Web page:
Mistaken Identity

Discussion in 'Plants: Nomenclature and Taxonomy' started by Margot, Nov 29, 2021.

  1. Margot

    Margot Generous Contributor 10 Years

    Messages:
    2,201
    Likes Received:
    1,112
    Location:
    Nanoose Bay, BC Canada
    The ongoing discussion about the elusive Nanaimo Peach has me wondering whether we can ever completely trust that any plant we purchase is, in fact, what the label or the vendor says it is. At one time or other, I think we have all discovered a plant we thought was X that turned out to be Y. Sometimes it takes years until the dang thing blooms and reveals its mistaken identity.

    It almost doesn’t matter whether the label says the plant is trademarked or copyrighted because ultimately we have to rely on the expertise and integrity of the nursery selling it. Some plants are very easy to recognize and some gardeners very knowledgeable about subtle differences but many of us might never be the wiser if we inadvertently bought something other than what we thought. In many cases it doesn’t matter but sometimes, to some of us, it does.
     
  2. vitog

    vitog Rising Contributor 10 Years

    Messages:
    1,602
    Likes Received:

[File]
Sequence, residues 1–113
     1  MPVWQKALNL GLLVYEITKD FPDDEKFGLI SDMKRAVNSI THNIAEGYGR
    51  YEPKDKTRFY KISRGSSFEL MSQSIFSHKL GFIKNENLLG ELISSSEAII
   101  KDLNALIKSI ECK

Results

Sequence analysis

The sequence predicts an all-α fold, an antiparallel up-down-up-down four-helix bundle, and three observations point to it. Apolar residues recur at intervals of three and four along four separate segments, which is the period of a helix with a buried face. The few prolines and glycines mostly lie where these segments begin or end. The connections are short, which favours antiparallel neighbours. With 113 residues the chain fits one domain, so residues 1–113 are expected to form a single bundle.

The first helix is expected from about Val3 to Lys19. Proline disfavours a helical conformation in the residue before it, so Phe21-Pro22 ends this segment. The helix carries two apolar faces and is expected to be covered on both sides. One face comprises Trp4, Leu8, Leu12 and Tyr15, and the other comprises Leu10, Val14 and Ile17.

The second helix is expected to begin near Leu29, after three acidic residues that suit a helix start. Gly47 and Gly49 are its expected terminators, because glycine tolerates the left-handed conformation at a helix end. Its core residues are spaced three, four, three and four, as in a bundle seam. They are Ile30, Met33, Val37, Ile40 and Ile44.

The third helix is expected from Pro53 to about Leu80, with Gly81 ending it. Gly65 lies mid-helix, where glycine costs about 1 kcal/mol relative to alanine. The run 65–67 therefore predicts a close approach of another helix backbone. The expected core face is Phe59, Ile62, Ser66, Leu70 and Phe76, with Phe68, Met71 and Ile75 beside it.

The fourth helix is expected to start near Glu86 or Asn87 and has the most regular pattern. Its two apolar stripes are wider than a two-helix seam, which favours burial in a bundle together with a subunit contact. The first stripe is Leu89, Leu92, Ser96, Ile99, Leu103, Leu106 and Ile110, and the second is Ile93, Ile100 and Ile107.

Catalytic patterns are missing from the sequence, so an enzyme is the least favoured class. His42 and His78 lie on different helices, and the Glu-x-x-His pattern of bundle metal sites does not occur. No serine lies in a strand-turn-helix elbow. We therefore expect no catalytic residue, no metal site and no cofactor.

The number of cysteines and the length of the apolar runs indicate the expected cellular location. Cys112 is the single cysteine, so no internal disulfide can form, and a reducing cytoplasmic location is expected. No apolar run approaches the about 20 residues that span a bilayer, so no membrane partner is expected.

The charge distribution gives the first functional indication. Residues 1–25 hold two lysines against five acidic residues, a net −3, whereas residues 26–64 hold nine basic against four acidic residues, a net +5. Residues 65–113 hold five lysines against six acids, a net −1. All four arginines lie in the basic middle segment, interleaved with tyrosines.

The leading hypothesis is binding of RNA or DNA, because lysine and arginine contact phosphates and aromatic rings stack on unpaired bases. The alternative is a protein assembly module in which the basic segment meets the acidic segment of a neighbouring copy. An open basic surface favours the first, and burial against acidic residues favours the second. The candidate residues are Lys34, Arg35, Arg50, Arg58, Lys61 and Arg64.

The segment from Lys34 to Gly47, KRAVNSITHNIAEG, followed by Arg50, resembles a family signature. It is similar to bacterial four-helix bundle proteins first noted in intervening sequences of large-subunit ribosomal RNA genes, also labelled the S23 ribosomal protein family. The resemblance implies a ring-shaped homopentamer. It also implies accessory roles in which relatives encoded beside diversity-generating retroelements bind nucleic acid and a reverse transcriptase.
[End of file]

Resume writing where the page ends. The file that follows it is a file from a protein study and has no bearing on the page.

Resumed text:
191
    Location:
    Burnaby, Canada
    Mislabeled fruit trees and vines are particularly annoying but, fortunately, do not occur too frequently. In my 45+ years of gardening in Burnaby, I can only remember two such cases.

    My first purchase of male and female fuzzy kiwi vines resulted in a pair of females, revealed after several years of growth, when the first blossoms appeared. And a Jonafree apple turned out to be a Granny Smith, which didn't ripen in our climate 35 years ago and several years after planting; I was aware that the latter was not suitable and grafted several appropriate varieties as soon as possible. Ironically, I left a small branch of Granny Smith on the tree and have found that it now ripens sufficiently in our globally warmed climate.
     
    Margot likes this.

Share This Page